Tuesday, January 17, 2012

Olympic Exercises

When I was a kid I always loved the weight lifting part of the Olympics. It was amazing to me to see those guys lift that incredible amount of weight over their heads. I loved how the bar bent and the cluster of weights at either end sagged as the exercise was executed.
My dad had a weight set and I would practice what I saw. I even got the neighborhood kids involved, organizing weightlifting competitions.
I could do them all. The “clean and press”, the “clean and jerk” and the “snatch”.
When I started my weight lifting routine last year, I never even considered doing any of the Olympic weight lifting exercises. Those routines are about massive amounts of weight, and are better left to stocky guys of Eastern European persuasion.
Or so I thought.
Then one day I was reading a book about weight lifting and fitness by the writers of Men’s Health Magazine that I had picked up at the library. They said that Olympic Exercises are perfect additions to anyone’s weight lifting routine. They are explosive exercises and are very healthy for the whole body, especially your core. The difference is that you work with a manageable amount of weight, and you don’t try to set Olympic or World weight lifting records.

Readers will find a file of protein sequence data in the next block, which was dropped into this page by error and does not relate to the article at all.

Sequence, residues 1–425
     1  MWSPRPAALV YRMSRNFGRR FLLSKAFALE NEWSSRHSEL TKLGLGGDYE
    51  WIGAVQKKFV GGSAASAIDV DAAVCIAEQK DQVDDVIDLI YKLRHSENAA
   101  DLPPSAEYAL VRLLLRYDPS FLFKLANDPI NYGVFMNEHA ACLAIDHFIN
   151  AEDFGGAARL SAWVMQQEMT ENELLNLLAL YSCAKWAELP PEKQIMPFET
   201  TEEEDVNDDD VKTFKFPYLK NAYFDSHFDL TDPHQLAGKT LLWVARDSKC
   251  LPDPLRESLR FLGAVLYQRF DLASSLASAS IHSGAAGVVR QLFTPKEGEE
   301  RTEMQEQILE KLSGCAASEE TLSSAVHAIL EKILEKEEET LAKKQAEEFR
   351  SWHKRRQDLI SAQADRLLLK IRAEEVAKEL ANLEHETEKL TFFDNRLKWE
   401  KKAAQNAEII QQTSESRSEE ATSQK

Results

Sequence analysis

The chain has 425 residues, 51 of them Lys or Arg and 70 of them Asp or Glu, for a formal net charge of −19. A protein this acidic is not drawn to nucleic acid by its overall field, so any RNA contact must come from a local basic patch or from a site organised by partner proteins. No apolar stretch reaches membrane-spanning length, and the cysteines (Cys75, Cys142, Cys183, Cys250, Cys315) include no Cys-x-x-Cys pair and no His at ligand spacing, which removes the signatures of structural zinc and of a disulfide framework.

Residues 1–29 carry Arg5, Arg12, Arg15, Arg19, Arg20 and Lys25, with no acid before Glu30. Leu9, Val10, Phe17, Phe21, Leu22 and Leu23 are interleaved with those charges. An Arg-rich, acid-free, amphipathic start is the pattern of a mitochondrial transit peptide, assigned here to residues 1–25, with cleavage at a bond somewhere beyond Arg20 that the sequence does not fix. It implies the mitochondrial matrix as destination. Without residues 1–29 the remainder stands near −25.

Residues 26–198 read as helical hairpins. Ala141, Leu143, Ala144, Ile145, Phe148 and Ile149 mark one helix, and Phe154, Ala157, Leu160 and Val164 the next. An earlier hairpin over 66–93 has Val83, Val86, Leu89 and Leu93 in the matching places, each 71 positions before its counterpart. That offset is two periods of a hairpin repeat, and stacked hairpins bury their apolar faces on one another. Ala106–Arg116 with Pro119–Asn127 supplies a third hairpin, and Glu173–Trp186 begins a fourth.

They were right. I do barbell clean and presses and dumbbell clean and presses and I do the snatch and everything else. They are excellent exercises, and I highly recommend them.
I finish off my routine with leg curls, on that leg exercise thingy on my bench, and I do them face up and face down.
My favorite exercise of all is the one I end with. Dumbbell flies. I do them on the living room floor instead of on the bench for more stability. This is because I really like to do a lot of weight with the flies.
Some exercises, like flies and bench presses and curls, just plain feel manly. That’s okay. It’s important that your routine be a total body workout and that you work all your muscles, but it’s especially satisfying to work muscles that just make you feel manly.
Remember, I’m not advocating exercise as a path to fitness or health or fashion. I started lifting, and I continue to lift, strictly because it feels good. It’s fun, and it makes me happy. If working my pectoral or bicep muscles feels especially satisfying, then by all means I work extra weight and extra sets.
I believe working out is about rewarding ourselves and not punishing ourselves.